Some of our favorite science experiments have to do with the exploration of density. Density is a measurement of how many molecules are in a substance and how closely they are packed together. Substances built with tightly packed molecules are more dense than things built with molecules that are spread farther apart.
A fun way of thinking about this is by looking at the planet Saturn. Even though Saturn is WAY bigger than Earth, the molecules that make up its gaseous nature are less dense than the molecules that have built Earth. If our oceans were large enough to hold the planet Saturn, it would float on the water’s surface!
Exploring density is a really fun way to experiment, and with the colors of the rainbow, you can bring the magic of the holidays into your science project! For this rainbow column of Christmas Science, you’ll need the following items:
Tall glass or vase (we used a cylindrical vase)
Objects of various weights to be added to your column! We used glittery Christmas decorations, a bottle cap, a birthday candle, a lump of clay, a bead, and a popcorn kernel.
Liquids of various densities!
Add these liquids in order of appearance:
Light corn syrup (or honey)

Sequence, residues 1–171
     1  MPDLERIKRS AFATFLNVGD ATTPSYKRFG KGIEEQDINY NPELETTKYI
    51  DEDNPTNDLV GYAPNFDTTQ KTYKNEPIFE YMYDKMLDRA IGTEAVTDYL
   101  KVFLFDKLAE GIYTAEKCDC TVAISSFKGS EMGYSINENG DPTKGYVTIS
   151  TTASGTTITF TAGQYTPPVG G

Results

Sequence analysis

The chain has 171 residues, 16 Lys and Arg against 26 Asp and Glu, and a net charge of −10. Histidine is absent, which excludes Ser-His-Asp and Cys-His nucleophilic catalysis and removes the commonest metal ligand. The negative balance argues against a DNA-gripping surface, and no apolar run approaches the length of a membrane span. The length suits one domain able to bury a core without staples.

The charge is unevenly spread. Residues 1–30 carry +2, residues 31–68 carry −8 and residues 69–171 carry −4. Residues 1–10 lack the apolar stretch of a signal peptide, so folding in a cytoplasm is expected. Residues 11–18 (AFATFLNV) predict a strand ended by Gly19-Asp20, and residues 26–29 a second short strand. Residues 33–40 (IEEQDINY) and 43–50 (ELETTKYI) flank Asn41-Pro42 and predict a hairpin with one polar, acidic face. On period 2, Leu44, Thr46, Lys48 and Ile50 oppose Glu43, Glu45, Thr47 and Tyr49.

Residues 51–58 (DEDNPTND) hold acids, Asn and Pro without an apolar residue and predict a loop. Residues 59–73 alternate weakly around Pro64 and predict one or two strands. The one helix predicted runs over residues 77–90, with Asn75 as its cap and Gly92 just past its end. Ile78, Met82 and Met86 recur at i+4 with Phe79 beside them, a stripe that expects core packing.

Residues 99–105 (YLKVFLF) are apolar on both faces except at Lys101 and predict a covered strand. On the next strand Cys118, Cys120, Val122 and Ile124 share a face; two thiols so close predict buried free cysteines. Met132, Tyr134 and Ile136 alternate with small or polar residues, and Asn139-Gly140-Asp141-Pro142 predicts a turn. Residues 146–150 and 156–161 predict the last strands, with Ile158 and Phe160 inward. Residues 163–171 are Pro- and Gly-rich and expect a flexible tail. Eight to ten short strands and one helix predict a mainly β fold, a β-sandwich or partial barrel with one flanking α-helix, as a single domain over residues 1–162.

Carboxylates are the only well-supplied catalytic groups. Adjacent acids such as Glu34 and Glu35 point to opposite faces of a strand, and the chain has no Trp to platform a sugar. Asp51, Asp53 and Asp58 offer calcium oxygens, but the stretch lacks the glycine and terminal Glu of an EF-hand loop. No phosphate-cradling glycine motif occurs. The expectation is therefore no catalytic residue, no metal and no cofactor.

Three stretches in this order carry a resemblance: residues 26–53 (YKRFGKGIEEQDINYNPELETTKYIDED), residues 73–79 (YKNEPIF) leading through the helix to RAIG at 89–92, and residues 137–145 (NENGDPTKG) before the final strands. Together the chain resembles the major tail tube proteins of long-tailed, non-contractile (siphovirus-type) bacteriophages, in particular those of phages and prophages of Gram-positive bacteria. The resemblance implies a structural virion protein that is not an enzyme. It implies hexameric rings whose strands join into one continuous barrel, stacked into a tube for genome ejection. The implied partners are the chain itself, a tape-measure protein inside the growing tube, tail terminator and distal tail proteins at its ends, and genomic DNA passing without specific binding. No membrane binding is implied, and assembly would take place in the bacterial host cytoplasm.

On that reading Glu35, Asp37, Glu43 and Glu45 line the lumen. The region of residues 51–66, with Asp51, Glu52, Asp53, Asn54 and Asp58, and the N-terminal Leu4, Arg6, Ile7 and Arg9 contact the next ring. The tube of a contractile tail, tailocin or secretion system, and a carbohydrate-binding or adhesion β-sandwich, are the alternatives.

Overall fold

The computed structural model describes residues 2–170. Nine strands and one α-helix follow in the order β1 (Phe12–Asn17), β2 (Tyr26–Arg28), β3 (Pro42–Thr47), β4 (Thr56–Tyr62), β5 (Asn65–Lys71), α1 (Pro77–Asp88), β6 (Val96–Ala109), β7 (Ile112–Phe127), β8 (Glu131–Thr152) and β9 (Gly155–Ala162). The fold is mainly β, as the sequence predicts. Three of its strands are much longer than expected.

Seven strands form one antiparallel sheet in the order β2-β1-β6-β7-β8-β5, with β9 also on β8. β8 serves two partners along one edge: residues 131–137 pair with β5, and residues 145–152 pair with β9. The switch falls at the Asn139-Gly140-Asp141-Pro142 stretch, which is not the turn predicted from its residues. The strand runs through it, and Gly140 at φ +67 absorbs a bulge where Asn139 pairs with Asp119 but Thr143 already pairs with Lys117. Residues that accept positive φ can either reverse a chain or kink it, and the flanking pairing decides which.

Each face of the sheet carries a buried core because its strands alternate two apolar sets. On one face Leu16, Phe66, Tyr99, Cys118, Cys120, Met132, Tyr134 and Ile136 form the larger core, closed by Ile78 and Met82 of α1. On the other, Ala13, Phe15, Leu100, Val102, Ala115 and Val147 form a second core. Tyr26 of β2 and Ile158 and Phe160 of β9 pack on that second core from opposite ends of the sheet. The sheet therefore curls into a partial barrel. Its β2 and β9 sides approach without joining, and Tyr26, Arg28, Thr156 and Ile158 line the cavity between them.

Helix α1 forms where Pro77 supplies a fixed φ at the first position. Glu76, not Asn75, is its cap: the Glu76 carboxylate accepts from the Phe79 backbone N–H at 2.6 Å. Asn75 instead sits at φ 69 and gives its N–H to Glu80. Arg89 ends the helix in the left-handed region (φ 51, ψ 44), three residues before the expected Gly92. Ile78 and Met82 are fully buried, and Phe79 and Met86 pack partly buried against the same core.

Liquid dish soap
1. Pour the liquids very slowly into the container, in the order listed above. After the first liquid, you will want to tilt the container slightly to its side. This allows the subsequent liquids to slowly fall to the lower layers, without mixing.
2. Before you add the water and rubbing alcohol, add your food coloring to it! Because of the different densities of the liquids, you will notice a difference with how the food coloring disperses into it!
3. Once you have your rainbow column of Christmas density, start adding things into it! Carefully drop your items, one by one, into your column. See where they stop in the column!
As we learned before, density is a measurement of mass, or the relative heaviness of an object with a constant volume. Simply put, density is a measure of how much “stuff” is in something. That “stuff” pertains to atoms and molecules, which make up the mass of an object!
In each of the liquids, the atoms are aligned together in different distances. In the densest liquids (the bottom layers), the atoms that make them up are packed much closer together than the liquids in the upper layers. The upper layers then “float” on the lower layers, because the atoms that make them are farther apart!
The items that you add to your column also have different densities! That’s why some of them will stop at various layers. They’ve reached a point where the liquid below them is denser than they are.
If you’d like to learn more, check this out! We’ve done some really cool experiments to explore density and properties of matter. All it takes is a few standard kitchen ingredients, and a lot of scientific exploration!